BBB National Programs Archive
NAD Recommends American Dryer Discontinue Claims Challenged by Kimberly-Clark, Including ‘Germ Killing’ Claims
New York, NY – Jan. 20, 2016 – The National Advertising Division has recommended that American Dryer, Inc., discontinue challenged advertising claims for the company’s ExtremeAir CPC Commercial Jet Air Hand Dryers, including claims that state or imply the product kills pathogens such as E. Coli, Influenza A, Staph and others. The claims at issue were challenged by Kimberly-Clark Corporation.
NAD is an investigative unit of the advertising industry’s system of self-regulation. It is administered by the Council of Better Business Bureaus.
NAD reviewed claims that included:
- CPC technology is proven to kill germs by leading microbiology labs. Lab test results – Average Kill Rate: E. Coli 99.03%, Salmonella 96.43%, Influenza A 99.17%, Staph 93.49%, MRSA 96.43%… shown to kill norovirus and Influenza.*”
- “ExtremeAir CPC is the most hygienic method of hand drying ever!”
- “Independently proven to kill: E. Coli, Salmonella, Influenza A, Staph, C.diff, MRSA.”
The advertiser explained that cold plasma technology is intended to kill microorganisms present in the air being pulled into, and subsequently expelled from, its hand drying unit during operation. The advertiser noted that its product uses a generator that creates ionized air which contains positive and negative charged molecules to attract and kill germs. In support of its claims, the advertiser provided testing conducted by two separate laboratories, an advertiser-commissioned White Paper posted to its website and the expert opinion of a regulatory scientist.
NAD noted in its decision that cold plasma technology has been studied for potential application to the decontamination of food contact surfaces and medical instruments and that the ability of the technology to kill germs on surfaces is dependent upon many factors including, but not limited to, the types and quantities of the pathogens tested and the duration and distance of exposure of the tested pathogens to ionization.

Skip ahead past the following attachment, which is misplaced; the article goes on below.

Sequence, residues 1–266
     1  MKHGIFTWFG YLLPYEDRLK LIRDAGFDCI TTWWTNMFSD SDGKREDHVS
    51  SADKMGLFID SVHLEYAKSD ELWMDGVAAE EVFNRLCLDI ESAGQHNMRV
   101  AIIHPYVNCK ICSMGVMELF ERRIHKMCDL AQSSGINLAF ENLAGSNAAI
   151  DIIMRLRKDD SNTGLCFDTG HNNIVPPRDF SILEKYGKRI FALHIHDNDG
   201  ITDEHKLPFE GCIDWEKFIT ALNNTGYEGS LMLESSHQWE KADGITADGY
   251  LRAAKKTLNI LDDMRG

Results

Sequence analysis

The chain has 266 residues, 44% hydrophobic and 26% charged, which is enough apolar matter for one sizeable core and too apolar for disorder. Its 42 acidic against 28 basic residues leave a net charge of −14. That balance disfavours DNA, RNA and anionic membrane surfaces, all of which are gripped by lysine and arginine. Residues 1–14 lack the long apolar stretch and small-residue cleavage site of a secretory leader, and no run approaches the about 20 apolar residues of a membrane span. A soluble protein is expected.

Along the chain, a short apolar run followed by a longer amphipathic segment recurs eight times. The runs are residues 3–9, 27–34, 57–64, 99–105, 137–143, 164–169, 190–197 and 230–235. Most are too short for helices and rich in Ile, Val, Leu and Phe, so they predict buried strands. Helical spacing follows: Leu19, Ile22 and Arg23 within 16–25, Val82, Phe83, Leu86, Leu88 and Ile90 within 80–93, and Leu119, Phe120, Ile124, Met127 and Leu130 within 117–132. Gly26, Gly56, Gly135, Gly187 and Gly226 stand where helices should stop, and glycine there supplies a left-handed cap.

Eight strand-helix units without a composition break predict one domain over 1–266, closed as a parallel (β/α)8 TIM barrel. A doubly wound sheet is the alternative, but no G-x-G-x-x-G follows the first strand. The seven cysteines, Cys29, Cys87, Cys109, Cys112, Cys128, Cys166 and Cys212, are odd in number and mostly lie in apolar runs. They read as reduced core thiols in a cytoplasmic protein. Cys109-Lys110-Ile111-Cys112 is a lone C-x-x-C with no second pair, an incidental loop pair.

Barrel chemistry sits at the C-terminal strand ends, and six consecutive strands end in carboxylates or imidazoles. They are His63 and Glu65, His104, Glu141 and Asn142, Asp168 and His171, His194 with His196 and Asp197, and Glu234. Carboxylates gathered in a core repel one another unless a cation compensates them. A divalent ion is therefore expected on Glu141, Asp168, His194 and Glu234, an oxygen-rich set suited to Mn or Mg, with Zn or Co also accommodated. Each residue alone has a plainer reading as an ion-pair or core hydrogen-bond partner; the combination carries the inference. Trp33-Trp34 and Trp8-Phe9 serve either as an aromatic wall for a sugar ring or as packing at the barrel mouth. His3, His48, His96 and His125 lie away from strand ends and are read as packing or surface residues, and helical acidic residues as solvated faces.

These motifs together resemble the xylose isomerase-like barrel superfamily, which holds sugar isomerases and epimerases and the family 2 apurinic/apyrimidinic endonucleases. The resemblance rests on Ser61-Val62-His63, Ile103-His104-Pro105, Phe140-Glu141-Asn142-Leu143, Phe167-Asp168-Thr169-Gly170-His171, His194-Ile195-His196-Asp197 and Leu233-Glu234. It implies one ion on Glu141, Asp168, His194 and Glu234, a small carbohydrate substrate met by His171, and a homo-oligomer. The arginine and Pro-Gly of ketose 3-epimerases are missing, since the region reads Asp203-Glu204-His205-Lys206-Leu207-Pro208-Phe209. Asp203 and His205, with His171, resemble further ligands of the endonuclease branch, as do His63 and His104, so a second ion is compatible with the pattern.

In this case, however, NAD noted, the advertiser made claims of germ-killing efficacy with respect to cold plasma technology on air drawn into and expelled from its product under real-world conditions.
Following its review of the evidence in the record, NAD concluded that the advertiser’s evidence was not sufficient to support the challenged express claims or the reasonably conveyed messages that its product killed germs on hands dried under the device, or offered a more hygienic or superior public health benefit in public facilities.
NAD recommended that the advertiser discontinue its claims that, with respect to air on or around the dryer, or hands placed under its unit, its ExtremeAir CPC Commercial Jet Air Hand Dryers, “kill germs”, is “[i]ndependently proven to kill: E. Coli, Salmonella, Influenza A, Staph, C.diff, MRSA.”, “does what no other hand dryer can do: It kills germs,” is “is the most [one of the most] hygienic method of hand drying ever!”, and that the advertiser avoid any implication that its product provides a more hygienic experience with respect to hands dried under ExtremeAIR CPC dryer as opposed to these other methods. NAD further recommended that the advertiser discontinue express or implied claims that convey the unsupported message that its product provides a superior hygienic or public health benefit than conventional hand dryers or other methods of hand drying.
American Dryer said that while it was disappointed with NAD’s findings, it would take NAD’s recommendations into account in future advertising.
Note: A recommendation by NAD to modify or discontinue a claim is not a finding of wrongdoing and an advertiser’s voluntary discontinuance or modification of claims should not be construed as an admission of impropriety. It is the policy of NAD not to endorse any company, product, or service. Decisions finding that advertising claims have been substantiated should not be construed as endorsements.